It’s all in the timing



“I love it when a plan comes together,” said John ‘Hannibal’ Smith, a character in the television series from the 1980s called the ‘A’ Team.  I get the same sense of frisson when a whole series of small incidents seem to coincide, as if someone somewhere is trying to get a point across.


There was just such an occasion a couple of days ago when I was staying with some friends.  First, I watched a television programme about Stonehenge.  Then I was given a cup of tea in a mug with a picture of Stonehenge on it; and finally I opened the book I was reading at the fifth chapter to find that the whole of the first two paragraphs referred to Stonehenge.  But the sense of excitement came not from Stonehenge in the end but from what the writer of my book suggested it illustrated: the “temp” part of the word “contemplation.”  This was new to me and thrilling, so I am passing it on.


The word “temp” comes from the same root as “notch”; notch as in a mark made in a stick or on a stone to denote a measurement.  So you might measure the length of something by marking a notch on your piece of wood and then another mark to denote the end of what you are marking.  Thus, “temp” is a measure of something as in temperament (the measurement of somebody’s emotional or psychological state), tempo (the measure of musical beat), temporary ( denoting a short or impermanent time) or temporal (meaning a state of chronological time or something worldly or earthly.)  There are plenty more words with “temp” in them to illustrate the meaning.


But however the word might be used today, originally it was not an earthbound word but a measurement for the heavens, the place where people looked for answers.  The augurs in ancient Rome would gaze at the stars to see if the deities favoured or disapproved of actions proposed by the city.  This was what Stonehenge was supposed in part to do.  It was, amongst other things, a giant time piece which denoted the summer and winter equinoxes and the full moons.  Whoever used it was doing so in order to study the stars and to listen to the gods.  But over time the place below from which the heavens were studied became a sacred space and took on the name of “temp, as well.”  From this we get the Latin word “templum.”  This was not a building but a sacred space and, eventually, this became temple, the place or building in which the higher things, the things of God, are studied and worshipped; where, earthbound as we are, we can measure the heavens.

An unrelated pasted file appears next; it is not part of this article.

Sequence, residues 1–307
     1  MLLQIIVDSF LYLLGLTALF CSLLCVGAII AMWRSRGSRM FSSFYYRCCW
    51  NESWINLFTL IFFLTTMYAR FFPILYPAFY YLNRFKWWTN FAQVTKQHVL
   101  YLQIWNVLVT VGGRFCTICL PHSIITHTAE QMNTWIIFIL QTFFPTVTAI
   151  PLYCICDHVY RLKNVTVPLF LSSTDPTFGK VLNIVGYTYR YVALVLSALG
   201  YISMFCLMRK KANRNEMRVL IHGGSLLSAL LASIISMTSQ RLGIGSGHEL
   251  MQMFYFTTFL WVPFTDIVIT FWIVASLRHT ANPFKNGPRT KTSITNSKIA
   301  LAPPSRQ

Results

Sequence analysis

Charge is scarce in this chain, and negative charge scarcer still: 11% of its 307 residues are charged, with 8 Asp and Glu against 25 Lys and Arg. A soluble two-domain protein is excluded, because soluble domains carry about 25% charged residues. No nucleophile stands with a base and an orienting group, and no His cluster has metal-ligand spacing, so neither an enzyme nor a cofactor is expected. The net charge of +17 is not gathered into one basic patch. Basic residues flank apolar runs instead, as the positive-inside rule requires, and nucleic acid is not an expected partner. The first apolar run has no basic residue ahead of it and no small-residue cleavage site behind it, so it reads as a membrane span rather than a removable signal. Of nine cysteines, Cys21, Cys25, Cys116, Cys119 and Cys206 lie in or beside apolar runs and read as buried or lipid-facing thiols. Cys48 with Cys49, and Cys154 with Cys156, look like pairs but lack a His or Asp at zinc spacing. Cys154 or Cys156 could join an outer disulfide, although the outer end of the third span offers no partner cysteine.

Contemplation is therefore that state in which we deliberately place ourselves in a position to measure, spend time with, reflect on that which is ‘higher.’  “Con” means “with” so we are putting ourselves with the reflecting or meditating time.  It is a purposeful act but it is also a natural one.  It is an action that has been innate in human beings from the beginning.


We still gaze up at the stars and it is right that we do so because they are wonderful and they give us a sense of proportion.  We no longer worship the stars, however.  Nor do we believe anymore that we have to worship in the temple of Jerusalem for our faith to be genuine.  The “temple” became for Christians, the person of Jesus Christ.  It is when we gaze on him, when we spend time with him, that our eyes, hearts, minds and spirits look heavenward.